Medicine of the Future in America

Care of the Critically ill and Injured During Pandemics and Disasters: Recommendations

The ultimate aim of the Task Force was to provide recommendations for the management of all adults and children critically ill because of a disaster or pandemic, regardless of where the care is provided. However, in the case of disaster response, no high-quality evidence exists from which to develop recommendations. Disaster response is rapid, large scale, and nonstandardized, and thus, the ability to develop real-time studies is extremely difficult. Evidence, therefore, is largely restricted to retrospective case series, provider experience, and expert opinion. To bridge this gap, the Task Force convened an unprecedented group of experts, from bedside physicians with deployment experience to medical societies to government representatives, to offer the best suggestions. Using a modified Delphi process, the Task Force approached all aspects of care, from the bedside to policy development to provider education, in both a resource-intensive and a resource-limited setting (the developing world). Although the Task Force’s 14 articles span many areas, their suggestions cover five main levels of disaster response and planning: patient care, disaster providers and responders, health-care systems and hospitals, local and regional governments, and community and society.
High-quality care of the critically ill is the foundation of all disaster response efforts. However, a disaster alters basic care delivery to the critically ill, and if preparedness is inadequate, this foundation can crumble, with adverse patient outcomes. The inability to respond to an increase in patients and resource demand has been directly linked to poor outcomes in a number of disasters. Therefore, the management of medications, medical supplies, oxygen therapy, mechanical ventilation, specialized services (eg, dialysis), and ICU location is detailed extensively over these 14 articles. Methods of conservation (particularly with scarce medication and oxygen therapy), substitution, and triage are a particular focus, with the goal of optimizing patient outcomes in mass critical care. These principles are very relevant today, where the resource limitations in West Africa are hindering both patient care and outbreak management. For example, minimal ventilator requirements are described to ensure both lung-protective strategies and that high positive end-expiratory pressure can be delivered in cases of ARDS. Antibiotic and antiviral substitutions for certain disease states are suggested, along with the minimal resources needed to manage a highly contagious disease among the critically ill. With this process, the Task Force suggestions create the strongest foundation of care delivery for the individual critically ill patient during a mass critical care.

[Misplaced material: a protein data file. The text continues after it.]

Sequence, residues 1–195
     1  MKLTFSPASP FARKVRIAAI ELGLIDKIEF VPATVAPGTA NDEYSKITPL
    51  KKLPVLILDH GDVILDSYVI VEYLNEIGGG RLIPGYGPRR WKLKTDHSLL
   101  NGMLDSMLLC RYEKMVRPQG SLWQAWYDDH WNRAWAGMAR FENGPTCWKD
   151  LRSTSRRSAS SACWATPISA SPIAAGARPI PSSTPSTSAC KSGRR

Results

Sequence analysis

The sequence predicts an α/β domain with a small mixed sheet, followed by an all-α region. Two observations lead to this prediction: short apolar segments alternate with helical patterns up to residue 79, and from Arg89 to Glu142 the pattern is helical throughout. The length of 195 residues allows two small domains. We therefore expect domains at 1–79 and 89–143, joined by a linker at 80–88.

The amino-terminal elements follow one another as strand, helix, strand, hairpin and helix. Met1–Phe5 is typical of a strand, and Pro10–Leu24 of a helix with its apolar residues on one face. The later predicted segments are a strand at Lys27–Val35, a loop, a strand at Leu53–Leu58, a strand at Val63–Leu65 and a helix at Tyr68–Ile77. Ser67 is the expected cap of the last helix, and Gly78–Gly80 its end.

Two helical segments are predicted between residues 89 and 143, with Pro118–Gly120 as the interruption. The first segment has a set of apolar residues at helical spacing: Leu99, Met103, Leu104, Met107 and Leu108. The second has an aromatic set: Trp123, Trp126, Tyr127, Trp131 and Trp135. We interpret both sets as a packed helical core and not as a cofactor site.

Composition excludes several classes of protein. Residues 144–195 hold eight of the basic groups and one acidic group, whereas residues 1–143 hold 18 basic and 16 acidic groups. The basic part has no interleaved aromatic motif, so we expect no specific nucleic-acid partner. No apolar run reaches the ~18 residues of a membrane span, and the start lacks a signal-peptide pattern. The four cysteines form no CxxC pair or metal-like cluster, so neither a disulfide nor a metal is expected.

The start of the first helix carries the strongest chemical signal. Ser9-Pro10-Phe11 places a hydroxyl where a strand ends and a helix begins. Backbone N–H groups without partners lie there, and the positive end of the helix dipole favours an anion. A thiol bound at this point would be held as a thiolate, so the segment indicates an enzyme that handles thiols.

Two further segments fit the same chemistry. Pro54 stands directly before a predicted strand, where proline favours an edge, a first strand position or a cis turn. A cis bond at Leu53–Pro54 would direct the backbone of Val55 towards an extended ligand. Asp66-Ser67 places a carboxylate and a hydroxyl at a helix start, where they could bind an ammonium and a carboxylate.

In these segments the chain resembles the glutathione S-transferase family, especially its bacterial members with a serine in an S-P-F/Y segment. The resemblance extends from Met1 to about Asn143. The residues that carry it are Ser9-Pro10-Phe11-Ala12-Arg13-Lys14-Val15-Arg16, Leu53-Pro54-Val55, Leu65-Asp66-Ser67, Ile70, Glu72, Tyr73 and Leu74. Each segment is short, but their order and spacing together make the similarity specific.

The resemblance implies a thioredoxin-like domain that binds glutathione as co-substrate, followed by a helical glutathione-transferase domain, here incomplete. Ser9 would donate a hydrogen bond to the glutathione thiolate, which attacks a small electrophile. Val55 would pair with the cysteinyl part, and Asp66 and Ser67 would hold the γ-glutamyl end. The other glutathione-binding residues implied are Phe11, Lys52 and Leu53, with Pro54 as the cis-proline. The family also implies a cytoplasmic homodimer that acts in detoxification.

This entry was posted in Care and tagged critical care, critically ill patients, health care.
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